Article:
Samuel Cole lives in Woodbury, MN, where he finds work in special event/development management. He’s a poet, flash fiction geek, and political essayist enthusiast. His work has appeared in many literary journals, and his first poetry collection, Bereft and the Same-Sex Heart, was published in October 2016 by Pski’s Porch Publishing. His second book, Bloodwork, a collection of short stories, will be published in June/July 2017. He is also an award-winning card maker and scrapbooker.
Empty Sink Publishing: In “The Weebies,” we meet Walker Weebie, who, unlike his siblings, achieved the escape velocity needed to overcome the circumstances he was born into. We then watch this oil-and-water family reunite on a camping trip, where old secrets boil to the surface in unexpected ways. What inspired this story?
Samuel Cole: Walker’s story came to me while I was cycling through a small town, and adjacent campsite, in high-north Minnesota. Towering among homogeneous campers stood a man who didn’t appear to fit in: clothes, skin tone, posture, and aura. Brightness among inextricable dullness. He didn’t belong, and I had to know (and write) why.
ESP: One of the things I loved about the story was how nature emerged as a character unto itself–even as an antagonist, when it comes to the yellow jackets. Did you always intend for nature to play such a significant role in the story, or was that a theme that emerged as the narrative developed?
SC: Walker is an outsider, in every sense of the word. Although he’s built a life of fitting it, he doesn’t. His nature is to comply with and fight against nature.
ESP: By the end of the story, I felt like I had followed Walker on a mini-Homeric odyssey. What was your primary focus as you were plotting the story: the way the story ends for Walker, or the journey that got him there?
SC: Both. I knew how the story was going to end upon writing the first word. The challenge was to follow Walker to the conclusion, and not lead him.
ESP: You mentioned in one of your emails that you spent a significant amount of time editing “The Weebies.” Can you share a little bit about how you approach the revision process on a piece of this size?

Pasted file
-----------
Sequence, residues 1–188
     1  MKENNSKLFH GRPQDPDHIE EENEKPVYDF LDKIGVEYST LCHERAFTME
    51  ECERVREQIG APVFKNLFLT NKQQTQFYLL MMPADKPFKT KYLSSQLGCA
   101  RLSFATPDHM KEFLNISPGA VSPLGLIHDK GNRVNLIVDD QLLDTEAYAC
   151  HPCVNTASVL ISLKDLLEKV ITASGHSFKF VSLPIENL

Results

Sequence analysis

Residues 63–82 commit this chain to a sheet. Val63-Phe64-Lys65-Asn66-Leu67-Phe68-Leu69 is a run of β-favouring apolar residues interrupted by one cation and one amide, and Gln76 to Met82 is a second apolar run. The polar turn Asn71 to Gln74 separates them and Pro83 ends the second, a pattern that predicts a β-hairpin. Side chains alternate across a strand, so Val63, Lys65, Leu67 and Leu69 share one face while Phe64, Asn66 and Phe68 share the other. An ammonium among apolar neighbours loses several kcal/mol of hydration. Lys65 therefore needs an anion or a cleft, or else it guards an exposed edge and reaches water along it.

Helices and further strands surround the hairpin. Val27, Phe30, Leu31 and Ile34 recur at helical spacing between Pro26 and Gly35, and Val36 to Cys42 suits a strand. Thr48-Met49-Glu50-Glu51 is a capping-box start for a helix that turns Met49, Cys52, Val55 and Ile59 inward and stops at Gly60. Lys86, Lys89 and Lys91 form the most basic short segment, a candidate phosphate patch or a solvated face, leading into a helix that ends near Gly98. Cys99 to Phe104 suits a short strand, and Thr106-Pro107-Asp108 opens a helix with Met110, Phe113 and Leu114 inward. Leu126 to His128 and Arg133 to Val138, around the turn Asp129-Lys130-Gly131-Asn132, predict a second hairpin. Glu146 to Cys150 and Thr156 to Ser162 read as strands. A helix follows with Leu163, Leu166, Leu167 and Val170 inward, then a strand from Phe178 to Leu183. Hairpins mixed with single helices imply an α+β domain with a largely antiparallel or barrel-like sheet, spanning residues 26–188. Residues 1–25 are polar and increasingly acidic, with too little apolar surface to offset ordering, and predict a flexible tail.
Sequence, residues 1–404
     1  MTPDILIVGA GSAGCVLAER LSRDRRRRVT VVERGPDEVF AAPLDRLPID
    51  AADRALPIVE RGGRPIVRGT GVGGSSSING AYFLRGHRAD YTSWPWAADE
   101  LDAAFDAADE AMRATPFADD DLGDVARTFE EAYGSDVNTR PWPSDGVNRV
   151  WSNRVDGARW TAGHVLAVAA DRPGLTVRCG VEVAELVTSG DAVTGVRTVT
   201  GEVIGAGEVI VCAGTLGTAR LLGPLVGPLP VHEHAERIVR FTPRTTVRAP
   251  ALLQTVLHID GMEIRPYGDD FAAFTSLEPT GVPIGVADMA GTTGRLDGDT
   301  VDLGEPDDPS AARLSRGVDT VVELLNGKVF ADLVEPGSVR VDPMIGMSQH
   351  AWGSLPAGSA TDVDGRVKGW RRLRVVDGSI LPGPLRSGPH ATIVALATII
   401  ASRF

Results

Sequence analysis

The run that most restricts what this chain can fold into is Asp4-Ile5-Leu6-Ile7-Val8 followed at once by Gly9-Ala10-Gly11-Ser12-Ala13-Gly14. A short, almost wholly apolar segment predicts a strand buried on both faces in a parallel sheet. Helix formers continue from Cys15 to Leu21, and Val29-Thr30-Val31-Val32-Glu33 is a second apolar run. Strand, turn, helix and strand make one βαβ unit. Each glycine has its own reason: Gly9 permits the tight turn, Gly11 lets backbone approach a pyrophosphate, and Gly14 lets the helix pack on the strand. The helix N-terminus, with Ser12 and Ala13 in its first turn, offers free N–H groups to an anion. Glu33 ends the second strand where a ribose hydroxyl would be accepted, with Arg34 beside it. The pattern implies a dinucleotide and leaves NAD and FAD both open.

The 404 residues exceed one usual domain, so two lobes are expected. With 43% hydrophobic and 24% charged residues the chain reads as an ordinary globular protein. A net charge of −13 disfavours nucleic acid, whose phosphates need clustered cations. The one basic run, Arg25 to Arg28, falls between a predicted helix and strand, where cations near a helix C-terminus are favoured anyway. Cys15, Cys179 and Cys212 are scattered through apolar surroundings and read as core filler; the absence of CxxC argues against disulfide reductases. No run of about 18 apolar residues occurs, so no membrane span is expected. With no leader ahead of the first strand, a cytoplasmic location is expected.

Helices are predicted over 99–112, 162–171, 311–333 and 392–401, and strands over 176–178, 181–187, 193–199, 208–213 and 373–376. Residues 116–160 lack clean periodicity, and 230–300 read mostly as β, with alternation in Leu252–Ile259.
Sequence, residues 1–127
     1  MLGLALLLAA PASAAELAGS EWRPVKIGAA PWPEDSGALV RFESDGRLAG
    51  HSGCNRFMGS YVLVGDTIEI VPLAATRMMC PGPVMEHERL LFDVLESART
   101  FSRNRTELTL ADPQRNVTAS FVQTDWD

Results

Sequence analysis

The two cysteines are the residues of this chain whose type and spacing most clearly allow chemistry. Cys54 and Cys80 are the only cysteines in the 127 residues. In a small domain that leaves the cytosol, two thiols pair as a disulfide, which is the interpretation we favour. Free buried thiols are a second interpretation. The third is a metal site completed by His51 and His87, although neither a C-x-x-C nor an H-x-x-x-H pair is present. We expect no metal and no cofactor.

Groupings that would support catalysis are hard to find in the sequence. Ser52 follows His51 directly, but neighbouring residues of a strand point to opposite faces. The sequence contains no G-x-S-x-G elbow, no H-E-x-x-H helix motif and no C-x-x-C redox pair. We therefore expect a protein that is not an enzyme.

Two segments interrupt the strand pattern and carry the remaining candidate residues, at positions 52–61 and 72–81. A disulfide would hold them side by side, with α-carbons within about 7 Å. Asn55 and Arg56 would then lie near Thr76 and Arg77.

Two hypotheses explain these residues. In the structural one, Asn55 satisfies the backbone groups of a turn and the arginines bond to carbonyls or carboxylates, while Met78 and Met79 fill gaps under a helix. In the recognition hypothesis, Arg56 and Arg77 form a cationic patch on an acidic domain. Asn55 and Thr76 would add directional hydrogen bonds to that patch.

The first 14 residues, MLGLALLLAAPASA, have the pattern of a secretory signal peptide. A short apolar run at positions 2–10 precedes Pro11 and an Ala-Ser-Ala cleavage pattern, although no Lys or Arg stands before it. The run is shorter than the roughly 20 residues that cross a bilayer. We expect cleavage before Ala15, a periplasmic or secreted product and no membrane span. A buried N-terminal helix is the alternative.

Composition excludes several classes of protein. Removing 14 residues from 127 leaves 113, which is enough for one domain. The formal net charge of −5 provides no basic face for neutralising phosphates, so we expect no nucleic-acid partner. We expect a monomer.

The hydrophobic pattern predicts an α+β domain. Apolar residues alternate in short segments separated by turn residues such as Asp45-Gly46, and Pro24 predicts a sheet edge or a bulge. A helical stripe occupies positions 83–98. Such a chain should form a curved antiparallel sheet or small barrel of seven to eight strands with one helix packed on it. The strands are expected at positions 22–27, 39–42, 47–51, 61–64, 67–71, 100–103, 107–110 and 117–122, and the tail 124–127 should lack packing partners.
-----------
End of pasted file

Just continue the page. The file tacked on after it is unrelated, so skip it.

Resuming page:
a. Write shitty first draft
b. Read it aloud
c. Set it aside for six months
d. Revisit, rethink, retool
e. Set it aside for three months
f. Read it aloud
g. Revisit, rethink, retool
h. Workshop the piece with trusted writers/readers
i. Set it aside for a month
j. Revisit, rethink, retool
k. Trust my voice
l. Send it to Empty Sink
m. Get published
ESP: If you could have dinner with one writer, living or dead, who would it be and where would you eat?
SC: Khaled Hosseini. Any restaurant in Iran. Or, an authentic Iranian restaurant in USA.
ESP: If you could only read one book for the rest of your life, what would it be?
SC: The Kite Runner by Khaled Hosseini.
ESP: If you could give one piece of advice to aspiring writers, what would it be?
SC: Don’t rush. Be patient. Work hard. Play harder. Doubt everything. Cry often. Never quit. Defend with insight and compassion every decision every character makes. Then change the POV and defend it again. Without hubris.
ESP: What role do non-literary art forms such as film, music and visual arts play in your writing, if any?
SC: I read screenplays. I am a songwriter. I photograph more than I sleep. Life’s rhythm beyond the page is what makes the page come alive. It’s all about sensory adaptation, my friends. And I am, happily, sensed.
ESP: When was the first time that you consciously felt your life affected by art; what was the art form and who was the artist?
SC: After reading the book, Anne of Green Gables by Lucy Maud Montgomery as a young boy. Anne wanted to belong. She worried she’d never belong. She happened upon a chance to belong. She faced challenges that threatened her chance to belong. She made incremental changes to ensure belonging. She broke stereotypes and found voice as she forgave past brokenness and embraced future risk. I am Anne. We are all Anne. Every character I write has a little bit of Anne in them.
ESP: What inspires and drives you when you create fiction?
SC: I must write, or I will wither into uniformity. And wear plaid.